The Case of the Missing Loot


Dear Amy:I’m torn. I was recently at my best friend’s birthday party. I’ve known him since childhood.

I usually never carry cash, but I had some in my purse on this particular evening.

I was mostly hanging out with his girlfriend and left my purse, closed and tucked away, in the living room.

There were only four other people at the party besides my friend, his girlfriend and me.

The next morning I noticed that $80 was missing from my purse.

I was really blown away by this. I confronted my friend about it to see if he knew who would have taken it, and he completely blew me off.

He told me that no one at his house would do that, but I know I didn’t lose or spend it because it was in my purse when I arrived.

I feel completely betrayed because I think he should replace it, and he says it’s not his problem. What should I do?

I love our friendship, but if he’s not willing to help protect people’s personal property when they’re in his house how can I really trust being in his house unless I have my purse tightly in my grip?— Hurt Friend

Amy actually buys into this nonsense:

Dear Hurt:I agree with you that this creates a problem in your friendship but disagree that your friend should replace your stolen money — unless, of course, he took it, which you don’t seem to believe he did.

Approach your friend again, and tell him that his reaction concerns you. Ask him if he has any ideas of who might have taken it, and ask for his help and advice.

For the sake of your longtime friendship, you should give him an opportunity to step up and be a compassionate friend to you now.

And yes, I agree that in the future you should watch your valuables while at his house.

This issue requires some group intervention. I’d like to come over to your house some evening and discuss this in person with you and everyone who was at the party.  I am sure that I’ll find $5000 missing from my wallet that I knew I had when I arrived, but discover is missing the next day.  Even though you never saw it, I’m sure since we were all at your house, you would agree that is your responsibility to re-imburse me for my lost money (which you never saw by the way – just trust me).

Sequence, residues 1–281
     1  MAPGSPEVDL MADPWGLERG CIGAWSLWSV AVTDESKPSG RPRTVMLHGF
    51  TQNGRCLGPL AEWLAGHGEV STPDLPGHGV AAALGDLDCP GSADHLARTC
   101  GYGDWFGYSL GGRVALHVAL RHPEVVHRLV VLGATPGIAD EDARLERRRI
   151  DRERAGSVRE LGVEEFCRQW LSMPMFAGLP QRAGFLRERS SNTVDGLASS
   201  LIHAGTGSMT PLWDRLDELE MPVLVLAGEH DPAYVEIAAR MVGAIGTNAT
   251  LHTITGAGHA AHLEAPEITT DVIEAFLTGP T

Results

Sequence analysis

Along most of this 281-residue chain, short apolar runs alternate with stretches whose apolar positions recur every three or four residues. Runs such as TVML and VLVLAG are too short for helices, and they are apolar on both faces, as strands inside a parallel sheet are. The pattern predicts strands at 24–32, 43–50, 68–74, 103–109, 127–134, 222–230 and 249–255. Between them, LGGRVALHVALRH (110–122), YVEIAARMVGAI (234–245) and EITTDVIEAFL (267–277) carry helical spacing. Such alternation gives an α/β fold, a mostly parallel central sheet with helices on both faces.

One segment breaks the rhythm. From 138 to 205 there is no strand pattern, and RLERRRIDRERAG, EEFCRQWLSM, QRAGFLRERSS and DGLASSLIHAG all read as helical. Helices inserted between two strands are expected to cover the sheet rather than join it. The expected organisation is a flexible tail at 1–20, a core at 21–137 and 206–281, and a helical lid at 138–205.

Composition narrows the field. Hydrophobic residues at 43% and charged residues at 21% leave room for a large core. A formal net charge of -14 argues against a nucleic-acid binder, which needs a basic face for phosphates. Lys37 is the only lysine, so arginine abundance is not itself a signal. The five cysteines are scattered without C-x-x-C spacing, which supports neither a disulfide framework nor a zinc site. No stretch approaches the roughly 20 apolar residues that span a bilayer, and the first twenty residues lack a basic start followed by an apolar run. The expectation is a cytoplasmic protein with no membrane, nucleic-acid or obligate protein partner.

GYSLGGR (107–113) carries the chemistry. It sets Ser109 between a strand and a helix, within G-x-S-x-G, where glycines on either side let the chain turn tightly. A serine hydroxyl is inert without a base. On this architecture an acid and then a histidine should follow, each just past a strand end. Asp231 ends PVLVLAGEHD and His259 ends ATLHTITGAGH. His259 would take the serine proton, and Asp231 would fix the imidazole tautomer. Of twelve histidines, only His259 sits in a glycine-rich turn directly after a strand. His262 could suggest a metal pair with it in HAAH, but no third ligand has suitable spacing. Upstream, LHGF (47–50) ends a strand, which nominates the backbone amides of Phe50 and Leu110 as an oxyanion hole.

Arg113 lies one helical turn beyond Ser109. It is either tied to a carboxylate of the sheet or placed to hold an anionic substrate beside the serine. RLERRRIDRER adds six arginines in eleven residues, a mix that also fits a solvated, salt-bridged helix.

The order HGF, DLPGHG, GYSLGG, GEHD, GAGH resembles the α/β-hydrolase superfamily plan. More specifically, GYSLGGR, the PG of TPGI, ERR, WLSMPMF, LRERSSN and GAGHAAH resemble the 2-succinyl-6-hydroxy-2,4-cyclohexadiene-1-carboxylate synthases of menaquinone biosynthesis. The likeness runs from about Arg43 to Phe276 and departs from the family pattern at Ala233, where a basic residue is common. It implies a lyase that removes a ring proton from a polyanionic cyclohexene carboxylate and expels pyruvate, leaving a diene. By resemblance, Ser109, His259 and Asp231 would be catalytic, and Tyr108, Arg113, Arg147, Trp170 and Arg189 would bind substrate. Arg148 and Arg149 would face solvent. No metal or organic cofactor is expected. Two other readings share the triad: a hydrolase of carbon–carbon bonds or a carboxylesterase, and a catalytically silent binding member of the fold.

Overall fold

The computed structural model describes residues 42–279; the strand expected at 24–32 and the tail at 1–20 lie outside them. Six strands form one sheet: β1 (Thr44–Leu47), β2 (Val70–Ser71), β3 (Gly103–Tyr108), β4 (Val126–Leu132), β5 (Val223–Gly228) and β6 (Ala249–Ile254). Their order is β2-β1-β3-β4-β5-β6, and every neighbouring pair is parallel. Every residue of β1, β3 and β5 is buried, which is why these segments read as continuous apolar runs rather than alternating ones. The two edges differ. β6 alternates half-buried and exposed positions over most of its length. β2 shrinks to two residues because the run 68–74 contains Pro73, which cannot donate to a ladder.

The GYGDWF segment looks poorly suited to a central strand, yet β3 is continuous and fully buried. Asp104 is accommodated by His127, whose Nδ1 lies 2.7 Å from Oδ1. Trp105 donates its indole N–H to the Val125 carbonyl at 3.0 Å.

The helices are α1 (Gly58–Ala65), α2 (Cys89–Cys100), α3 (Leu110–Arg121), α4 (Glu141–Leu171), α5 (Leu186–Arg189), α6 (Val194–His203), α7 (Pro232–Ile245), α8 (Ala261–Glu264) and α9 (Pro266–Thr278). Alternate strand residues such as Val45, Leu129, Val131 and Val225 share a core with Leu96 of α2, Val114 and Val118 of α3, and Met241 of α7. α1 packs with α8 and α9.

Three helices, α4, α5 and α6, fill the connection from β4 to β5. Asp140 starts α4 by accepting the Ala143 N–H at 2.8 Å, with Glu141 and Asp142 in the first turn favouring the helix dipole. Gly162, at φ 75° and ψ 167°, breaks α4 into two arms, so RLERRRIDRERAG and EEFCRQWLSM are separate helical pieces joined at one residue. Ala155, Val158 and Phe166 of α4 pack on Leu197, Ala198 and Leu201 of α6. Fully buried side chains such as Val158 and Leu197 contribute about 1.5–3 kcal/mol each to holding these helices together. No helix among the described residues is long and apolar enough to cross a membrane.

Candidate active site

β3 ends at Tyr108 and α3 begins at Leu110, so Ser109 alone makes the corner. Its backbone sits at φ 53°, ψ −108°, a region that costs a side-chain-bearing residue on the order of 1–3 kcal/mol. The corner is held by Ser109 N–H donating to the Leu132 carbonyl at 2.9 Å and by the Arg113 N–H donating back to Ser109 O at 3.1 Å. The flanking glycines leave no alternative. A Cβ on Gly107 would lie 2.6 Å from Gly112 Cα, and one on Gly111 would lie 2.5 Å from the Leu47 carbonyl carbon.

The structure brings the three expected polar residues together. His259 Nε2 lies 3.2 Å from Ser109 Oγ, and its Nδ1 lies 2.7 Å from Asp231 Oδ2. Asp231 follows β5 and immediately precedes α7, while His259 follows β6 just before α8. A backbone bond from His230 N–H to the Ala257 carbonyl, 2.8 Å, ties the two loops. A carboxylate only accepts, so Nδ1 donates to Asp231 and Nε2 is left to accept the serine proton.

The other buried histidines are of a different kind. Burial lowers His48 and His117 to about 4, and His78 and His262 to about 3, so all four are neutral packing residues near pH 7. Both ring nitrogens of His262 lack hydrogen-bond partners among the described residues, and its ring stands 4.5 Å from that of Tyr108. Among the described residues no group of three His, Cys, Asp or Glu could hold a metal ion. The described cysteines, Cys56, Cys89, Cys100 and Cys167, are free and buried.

Do you see how bat-shit crazy that sounds?  Now imagine how your friend feels. I don’t know where you grew up, but here’s a lesson that us city folk learn when we are children: Always watch your shit. If you don’t, it’s your own fucking fault. Just because you invite people over to your house, doesn’t mean that you are responsible for everything they may do. If you want to hang on to your valuable stuff, use the sense that God gave a squirrel and don’t let it out of your sight or hide it where no one will find it.

"Ridiculous --- NEXT!"

The last thing I would do is bring it up again. Your friend didn’t care much the first time.  Bitching about it again won’t help either. It will sound accusatory. And let’s be honest, you obviously think he had something to do with it and was using his girlfriend to distract you. You wouldn’t think he had a responsibility to replace it if you didn’t.

Had you discovered it before you left, or had some hard evidence, I would say press the issue, but you don’t.  Any number of things could have happened in the time you left his house until the next morning.  Accusing others of theft without any real proof only deflects any responsibility from your own actions.



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